BA, magna cum laude, Università degli Studi di Firenze, Florence, Italy. MA, PhD with distinction, New York University. Areas of specialization: 20th-century Italian women’s writings; modern Italian culture, history, and literature; fascism; Western medieval poetry and thought. Recipient of the Julie and Ruediger Flik Travel Grant, Sarah Lawrence College, for summer research, 2008; the Penfield fellowship, New York University, 2004; and the Henry Mitchell MacCracken fellowship, New York University, 1998-2002. Publications: Nascita e morte della massaia di Paola Masino e la questione del corpo materno nel fascismo in Forum Italicum (Spring 2003). Translations, The Other Place by Barbara Serdakowski and Salvation by Amor Dekhis in Multicultural Literature in Contemporary Italy (editors Graziella Parati and Marie Orton, Fairleigh Dickinson University Press, 2007). SLC, 2001-2002, 2004, 2005–
Advanced Italian: Fascism, World War II and the Resistance in 20th-Century Italian Narrative and Cinema
This course is intended for advanced students of Italian who want to better their comprehension, as well as their oral and written skills in the language. This will be achieved by reading literary works and watching films in the original language, producing written compositions, and in-class discussion of the material. The course examines the manner in which crucial historical events that occurred during the 20th century—specifically the rise and fall of fascism, World War II, and the Resistance—were represented within Italian literature and cinema of the time, as well as throughout the decades following the end of the war up to the 1970s. Literary texts will include those authored by Ignazio Silone, Vasco Pratolini, Italo Calvino, Mario Carli, Renata Viganò, Carlo Cassola, Beppe Fenoglio, Elio Vittorini, Alberto Moravia, and Carlo Mazzantini. Films will include fascist propaganda and documentaries from the Istituto Luce’s archives, as well as films by Roberto Rossellini (his fascist-era war trilogy, as well as his neorealist films), Vittorio De Sica, Luigi Comencini, Paolo and Vittorio Taviani, Bernardo Bertolucci, Giuliano Montaldo, Ettore Scola, Luchino Visconti, Liliana Cavani, Pier Paolo Pasolini, and Federico Fellini. Conference topics may include the study of a particular author, literary text, or film that might be of interest to the student. Conversation classes will be held with the language assistants. Literary texts will be available for purchase; critical material will be available through e-reserve.
This course is for students with no previous knowledge of Italian. It aims at giving the student a complete foundation in the Italian language, with particular attention to the oral and written communication of everyday use and to all aspects of Italian culture. The course will be conducted in Italian (after the first couple of weeks) and will involve the study of all the basic structures of the language—phonological, grammatical, syntactical—with practice in conversation, reading, composition, and translation. In addition to the basic Italian textbook and an array of supplementary computer and Internet material, the course will include texts from prose fiction, poetry, journalistic prose, songs, films, recipe books, and the language of publicity. Conference work (in group) is largely based on reading and writing, and the use of the language is encouraged through games and creative composition. In addition to class and group conference, the course also has a conversation component in regular workshops with the language assistants. Supplementary activities such as opera and relevant exhibits in New York City are made available when possible. The course is for a full year, by the end of which students attain a basic competence in all aspects of the language.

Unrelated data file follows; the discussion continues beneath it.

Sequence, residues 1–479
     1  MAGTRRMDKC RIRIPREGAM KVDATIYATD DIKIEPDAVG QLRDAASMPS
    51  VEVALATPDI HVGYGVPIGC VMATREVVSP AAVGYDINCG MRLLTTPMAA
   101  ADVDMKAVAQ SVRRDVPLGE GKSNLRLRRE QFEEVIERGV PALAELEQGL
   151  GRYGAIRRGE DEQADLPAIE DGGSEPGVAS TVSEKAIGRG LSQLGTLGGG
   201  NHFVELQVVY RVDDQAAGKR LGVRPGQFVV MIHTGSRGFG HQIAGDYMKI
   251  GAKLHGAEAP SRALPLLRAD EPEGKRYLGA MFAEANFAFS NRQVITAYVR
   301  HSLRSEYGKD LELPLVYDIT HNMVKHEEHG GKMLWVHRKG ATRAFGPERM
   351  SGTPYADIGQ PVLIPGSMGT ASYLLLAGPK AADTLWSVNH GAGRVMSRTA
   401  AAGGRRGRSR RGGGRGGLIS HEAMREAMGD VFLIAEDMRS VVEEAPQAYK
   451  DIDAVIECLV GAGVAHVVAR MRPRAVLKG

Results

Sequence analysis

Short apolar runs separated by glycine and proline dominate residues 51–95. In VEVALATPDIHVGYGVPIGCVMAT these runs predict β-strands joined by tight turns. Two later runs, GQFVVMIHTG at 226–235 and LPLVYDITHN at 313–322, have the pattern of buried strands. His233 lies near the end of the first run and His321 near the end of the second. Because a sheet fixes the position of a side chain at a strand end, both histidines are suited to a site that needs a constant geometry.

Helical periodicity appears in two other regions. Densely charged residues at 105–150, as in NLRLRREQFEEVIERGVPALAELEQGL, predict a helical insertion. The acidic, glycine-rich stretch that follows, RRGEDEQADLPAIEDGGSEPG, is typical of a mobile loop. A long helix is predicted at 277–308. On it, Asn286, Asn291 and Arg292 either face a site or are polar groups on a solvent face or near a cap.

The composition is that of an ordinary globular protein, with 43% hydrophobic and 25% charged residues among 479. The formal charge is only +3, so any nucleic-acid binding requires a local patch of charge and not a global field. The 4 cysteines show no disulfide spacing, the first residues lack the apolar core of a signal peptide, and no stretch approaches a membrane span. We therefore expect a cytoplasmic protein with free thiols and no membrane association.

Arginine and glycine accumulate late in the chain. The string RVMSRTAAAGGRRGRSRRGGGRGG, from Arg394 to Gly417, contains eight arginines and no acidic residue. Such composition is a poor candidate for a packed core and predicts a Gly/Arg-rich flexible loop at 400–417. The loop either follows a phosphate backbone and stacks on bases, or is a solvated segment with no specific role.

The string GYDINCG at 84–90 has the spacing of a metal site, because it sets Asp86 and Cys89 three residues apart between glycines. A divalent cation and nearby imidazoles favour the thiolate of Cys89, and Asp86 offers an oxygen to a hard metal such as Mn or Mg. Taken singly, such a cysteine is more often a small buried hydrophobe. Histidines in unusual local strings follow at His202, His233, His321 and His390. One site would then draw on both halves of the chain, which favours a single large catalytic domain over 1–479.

This intermediate-level course aims at improving and perfecting the students’ speaking, listening, reading, and writing skills, as well as their knowledge of Italy’s contemporary culture and literature. In order to acquire the necessary knowledge of Italian grammar, idiomatic expressions, and vocabulary, students will be exposed to present-day Italy through the selection of specific newspaper articles, music, and cinema, as well as modern Italian literature (i.e., short stories, poems, and excerpts from literary works) in the original language. Literary works will include selections from Alessandro Baricco, Gianni Rodari, Carlo Castellaneta, Clara Sereni, Dino Buzzati, Stefano Benni, Antonio Tabucchi, Niccolò Ammaniti, and Italo Calvino. In order to address the students’ own writing skills, written compositions will also be assigned and will constitute an integral part of the course. The materials selected for the course, be they a literary text, a song, video, or grammar exercise, will be accessible at all times to the students through the course’s “Web Board”; research on the Web will be central to the course and will offer the basis for the weekly “Web piece,” a short paper on a particular topic. Conference topics might include the study of a particular author, literary text, film, or any other aspect of Italian society and culture that might be of interest to the student. Conversation classes will be held twice a week with the language assistants.